You’ll regret not learning history

This was what my Grandpapa said to me when I quit history at school in Year 8. Turns out he was right, but only a little right. History at school sucked, but history when exploring it off your own bat and with your own focus is, enlightening.

I had a meeting last week where I again sought a documented structure of some sort and I was told that structure wasn’t needed, but flexibility. I wasn’t well placed to have the discussion about how a good structure, thought through in line with business outcomes, and risk considerations actually provides more flexibility to an organisation not less. The reason it does this is because clarity of roles and responsibilities frees people from worry and provides them time to be creative and flexible in the work they do. Of course, I really wish I had said all that, but you know, life goes on.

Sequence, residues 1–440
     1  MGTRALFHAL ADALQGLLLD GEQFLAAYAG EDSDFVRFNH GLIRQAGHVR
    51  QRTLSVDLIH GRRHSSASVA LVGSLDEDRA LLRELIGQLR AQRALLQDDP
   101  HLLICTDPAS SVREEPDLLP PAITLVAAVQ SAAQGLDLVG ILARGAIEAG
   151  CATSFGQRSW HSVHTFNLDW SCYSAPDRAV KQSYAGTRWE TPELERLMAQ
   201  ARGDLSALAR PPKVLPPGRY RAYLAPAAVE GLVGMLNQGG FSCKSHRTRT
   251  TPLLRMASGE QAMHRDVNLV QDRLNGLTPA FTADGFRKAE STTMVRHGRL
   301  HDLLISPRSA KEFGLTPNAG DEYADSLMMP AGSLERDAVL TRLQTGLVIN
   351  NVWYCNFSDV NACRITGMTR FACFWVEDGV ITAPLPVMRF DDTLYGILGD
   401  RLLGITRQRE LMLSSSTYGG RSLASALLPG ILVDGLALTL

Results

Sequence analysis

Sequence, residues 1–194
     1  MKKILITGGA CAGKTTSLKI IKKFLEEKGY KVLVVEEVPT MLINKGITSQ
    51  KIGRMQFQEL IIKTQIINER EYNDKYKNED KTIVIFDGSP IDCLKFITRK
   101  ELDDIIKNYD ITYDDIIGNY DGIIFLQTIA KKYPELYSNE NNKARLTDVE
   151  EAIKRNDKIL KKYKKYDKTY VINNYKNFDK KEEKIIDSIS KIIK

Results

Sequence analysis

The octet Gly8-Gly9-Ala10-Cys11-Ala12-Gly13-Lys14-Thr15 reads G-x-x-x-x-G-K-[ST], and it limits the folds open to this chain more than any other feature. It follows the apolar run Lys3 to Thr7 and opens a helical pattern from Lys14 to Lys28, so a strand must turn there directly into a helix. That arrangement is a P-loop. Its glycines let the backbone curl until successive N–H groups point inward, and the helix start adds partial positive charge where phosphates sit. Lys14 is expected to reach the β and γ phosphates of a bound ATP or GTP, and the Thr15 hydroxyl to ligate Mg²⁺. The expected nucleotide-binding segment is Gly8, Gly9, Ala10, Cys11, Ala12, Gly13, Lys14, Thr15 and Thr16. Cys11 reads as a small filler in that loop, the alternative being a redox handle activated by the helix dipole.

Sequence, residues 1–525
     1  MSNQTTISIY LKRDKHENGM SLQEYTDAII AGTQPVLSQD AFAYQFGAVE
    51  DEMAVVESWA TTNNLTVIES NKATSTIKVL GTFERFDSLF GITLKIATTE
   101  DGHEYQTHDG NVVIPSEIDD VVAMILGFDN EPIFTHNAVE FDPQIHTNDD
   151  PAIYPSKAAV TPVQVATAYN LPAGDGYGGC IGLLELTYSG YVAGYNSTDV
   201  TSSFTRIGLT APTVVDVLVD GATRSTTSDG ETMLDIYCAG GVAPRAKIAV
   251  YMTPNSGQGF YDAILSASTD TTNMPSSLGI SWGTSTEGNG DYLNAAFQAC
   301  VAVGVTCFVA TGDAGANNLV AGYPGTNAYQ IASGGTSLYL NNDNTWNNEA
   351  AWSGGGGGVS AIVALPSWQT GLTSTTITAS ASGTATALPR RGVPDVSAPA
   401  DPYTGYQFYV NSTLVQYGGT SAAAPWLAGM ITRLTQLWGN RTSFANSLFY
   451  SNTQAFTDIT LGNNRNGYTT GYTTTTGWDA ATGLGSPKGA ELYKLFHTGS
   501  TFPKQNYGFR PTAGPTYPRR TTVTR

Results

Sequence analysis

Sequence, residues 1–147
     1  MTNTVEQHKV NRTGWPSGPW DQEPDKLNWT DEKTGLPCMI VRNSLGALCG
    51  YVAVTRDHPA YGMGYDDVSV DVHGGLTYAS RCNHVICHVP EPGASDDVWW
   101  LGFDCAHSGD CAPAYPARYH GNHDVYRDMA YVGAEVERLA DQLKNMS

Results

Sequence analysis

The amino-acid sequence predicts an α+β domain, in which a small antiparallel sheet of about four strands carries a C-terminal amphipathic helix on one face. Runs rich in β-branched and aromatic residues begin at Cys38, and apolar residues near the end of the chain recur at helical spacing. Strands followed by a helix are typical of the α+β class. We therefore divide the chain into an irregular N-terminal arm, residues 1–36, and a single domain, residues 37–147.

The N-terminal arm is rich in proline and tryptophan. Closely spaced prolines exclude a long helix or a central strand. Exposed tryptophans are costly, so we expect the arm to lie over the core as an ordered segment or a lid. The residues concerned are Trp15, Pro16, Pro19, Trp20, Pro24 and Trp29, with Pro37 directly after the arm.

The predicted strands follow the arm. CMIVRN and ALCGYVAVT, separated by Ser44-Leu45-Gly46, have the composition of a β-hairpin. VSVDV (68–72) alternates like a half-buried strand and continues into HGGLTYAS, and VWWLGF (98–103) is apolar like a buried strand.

How does this tie to history I hear you ask (well I don’t, but just go with it). Today I’m reading a document from 1957 and it states: “Such bewilderment and frustration is most harmful to the life and work of a university.” it goes on to discuss that the work of a university relies on the individual and if the individual is frustrated then there is no good work to be done. “If the staff are not full of life and determination in this way, nothing that the Senate of Vice-Chancellor can do will make the university work very much as a university.” These comments in the Murray Report relate to managing the balance in administration and academia.

So that’s how my meeting on Thursday links to history. It links because 57 years ago there was a review document that changed higher education legislation detailing the value of non-frustrated staff but here we are today, frustrated. Thanks Grandpapa, you were right, I should have stuck at history because it makes the joke funnier. After all if you don’t laugh….


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